With so many substandard horrors flicks coming out seemingly every day the genre has been heavily diluted of late. Much of the problem appears to be the lack of creativity from the first moment of pre-production to the final cut. The stories are all the same; a bunch of teens, including some naked, cheerlead types, run from a guy who cants be killed and is intent on finding unusual methods to torture and kill the kids. These slash and dash flicks might be better if the story was a bit more original and interesting. One new Indy filmmaker, Serge Rodnunsky, has at least tried to give a novel twist to this fading genre. His movie ‘Chill’ has an interesting premise and some solid performances to give it an edge over the rest of the pack. While missteps were made and this is far from a perfect or great film it is a step in the right direction. At least it shows there are still filmmakers out there who want to try to capture some degree of quality on film. A strong attempt is made here to return to the old school way of presenting a horror film. I guess now that would be called retro, but for those of us who have been fans of the genre since before many of these new directors where born, it is taking us back to how a horror flick should be made. Ultimately this is a fun movie that may not stand out against the classics of the genre, but it was far more enjoyable than the blood and boobs variety of horror flicks that are everywhere now. The film was made with a reported budget of only $850 thousand. Yes, that was a thousand. This would barely cover the between takes snacks on most movies. It also demonstrates the true purpose of the independent film movement. Without the financial expectations and demands of the big studio, a new filmmaker is free to experiment. While many of these experiments fall short of their goals, they do provide for much of the innovations that keep the art of cinema alive and moving forward. All of this goes to the point that you might watch this movie and see little difference from other horror flicks. If you take the time to examine the movie, you will find some moments that show real promise. Watching this film is now possible due to a DVD release from Lion’s Gate. Keep an open mind, and you might be pleasantly surprised.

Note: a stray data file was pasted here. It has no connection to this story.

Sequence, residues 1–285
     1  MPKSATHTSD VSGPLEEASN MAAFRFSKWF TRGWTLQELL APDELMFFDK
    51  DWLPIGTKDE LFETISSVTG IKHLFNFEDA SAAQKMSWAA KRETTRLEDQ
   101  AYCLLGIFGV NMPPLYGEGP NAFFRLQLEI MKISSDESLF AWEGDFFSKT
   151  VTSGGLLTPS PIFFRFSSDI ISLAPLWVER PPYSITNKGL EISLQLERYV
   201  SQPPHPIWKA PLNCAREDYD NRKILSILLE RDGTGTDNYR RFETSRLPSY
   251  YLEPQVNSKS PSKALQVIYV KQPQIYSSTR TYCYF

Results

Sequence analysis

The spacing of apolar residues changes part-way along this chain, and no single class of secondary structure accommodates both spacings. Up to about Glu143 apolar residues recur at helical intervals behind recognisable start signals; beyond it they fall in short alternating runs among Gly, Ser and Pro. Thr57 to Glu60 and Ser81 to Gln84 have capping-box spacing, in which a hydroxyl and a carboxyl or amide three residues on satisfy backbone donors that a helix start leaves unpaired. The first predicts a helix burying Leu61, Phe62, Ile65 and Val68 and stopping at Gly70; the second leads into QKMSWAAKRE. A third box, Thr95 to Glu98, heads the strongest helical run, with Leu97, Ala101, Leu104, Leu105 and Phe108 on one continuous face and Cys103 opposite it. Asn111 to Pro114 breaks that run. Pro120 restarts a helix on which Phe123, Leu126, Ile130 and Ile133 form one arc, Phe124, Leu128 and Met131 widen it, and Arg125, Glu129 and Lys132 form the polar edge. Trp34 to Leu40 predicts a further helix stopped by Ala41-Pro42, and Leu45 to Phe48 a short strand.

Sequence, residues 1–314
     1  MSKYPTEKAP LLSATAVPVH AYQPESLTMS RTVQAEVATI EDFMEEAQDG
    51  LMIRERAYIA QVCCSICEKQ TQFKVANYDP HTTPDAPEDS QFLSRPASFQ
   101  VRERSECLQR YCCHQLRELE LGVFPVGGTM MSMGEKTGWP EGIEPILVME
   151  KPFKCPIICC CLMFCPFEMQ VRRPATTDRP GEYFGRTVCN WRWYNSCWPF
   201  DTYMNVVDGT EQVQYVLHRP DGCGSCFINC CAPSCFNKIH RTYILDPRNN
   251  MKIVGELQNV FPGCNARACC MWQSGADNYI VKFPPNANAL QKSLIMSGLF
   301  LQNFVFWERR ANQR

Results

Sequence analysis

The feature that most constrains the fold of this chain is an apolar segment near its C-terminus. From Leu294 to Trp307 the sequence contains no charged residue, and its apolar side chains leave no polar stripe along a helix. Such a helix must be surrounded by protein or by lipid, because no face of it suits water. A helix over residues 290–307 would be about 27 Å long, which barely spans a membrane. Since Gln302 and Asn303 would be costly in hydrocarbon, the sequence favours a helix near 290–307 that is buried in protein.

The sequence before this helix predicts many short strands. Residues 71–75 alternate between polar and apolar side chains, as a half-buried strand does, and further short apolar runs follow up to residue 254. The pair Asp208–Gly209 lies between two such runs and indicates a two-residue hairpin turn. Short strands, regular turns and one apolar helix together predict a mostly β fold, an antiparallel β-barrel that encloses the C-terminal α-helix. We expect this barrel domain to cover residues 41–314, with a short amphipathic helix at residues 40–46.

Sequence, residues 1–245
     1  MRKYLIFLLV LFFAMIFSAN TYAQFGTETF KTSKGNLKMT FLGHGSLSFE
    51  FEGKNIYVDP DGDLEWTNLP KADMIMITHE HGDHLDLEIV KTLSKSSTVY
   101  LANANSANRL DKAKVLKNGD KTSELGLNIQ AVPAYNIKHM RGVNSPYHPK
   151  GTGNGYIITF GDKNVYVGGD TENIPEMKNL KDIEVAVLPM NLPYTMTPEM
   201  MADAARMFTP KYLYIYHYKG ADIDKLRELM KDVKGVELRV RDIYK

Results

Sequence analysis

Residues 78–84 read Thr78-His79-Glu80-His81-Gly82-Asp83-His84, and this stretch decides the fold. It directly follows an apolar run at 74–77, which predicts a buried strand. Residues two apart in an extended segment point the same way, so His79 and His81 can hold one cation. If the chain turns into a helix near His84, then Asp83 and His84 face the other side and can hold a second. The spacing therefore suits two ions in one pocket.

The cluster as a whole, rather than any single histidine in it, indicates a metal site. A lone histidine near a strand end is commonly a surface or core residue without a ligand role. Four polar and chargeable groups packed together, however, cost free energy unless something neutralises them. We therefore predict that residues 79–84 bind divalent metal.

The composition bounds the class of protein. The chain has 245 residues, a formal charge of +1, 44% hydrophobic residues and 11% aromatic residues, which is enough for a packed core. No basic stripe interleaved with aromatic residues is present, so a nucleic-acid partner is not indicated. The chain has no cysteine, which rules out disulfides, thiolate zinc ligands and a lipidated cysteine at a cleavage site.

Serge Rodnunsky can hardly be considered a newcomer to the film industry. He has been writing, directing and producing his films for almost twenty years now. In the last decade, he has also branched out to editing and cinematography. With ‘Chill’ he takes on all of these aspects of film making. While he has been moving to a specialty in horror films, Rodnunsky has made several forays into genres ranging from thrillers to family-friendly fare. This has provided him with the range and understanding of movies that is obvious in his work here. As a writer, the source material is important. Rodnunsky went to a story from one of the masters of the craft of scaring people; H.P. Lovecraft. His story ‘Cool Air’ was the basis for this loose interpretation. The foundation for the story is a man who cannot bare normal temperatures and must live extreme cold. Yes, this was ripped by Batman with the heinous villain ‘Mr. Freeze’. This is a more seriously geared treatment that slants more towards the psychological thriller than the straight forward horror flick. It is this aspect of the story that makes it a throwback to older films of the genre. If you look at the classic horror films from those pre ‘Nightmare on Elm Street’ days, this was the way to frighten an audience. You pull them into something that on the surface appears to be a rather normal situation and then twist it. It also plays on one of the favorite themes in movies; the reasonable man placed in the most unreasonable of circumstances. The main characters could have been more fleshed out. It is important to get the audience to sympathize with the protagonists, and for that, you need to understand them more that is permitted here. This makes this thriller into a situational instead of character-driven film.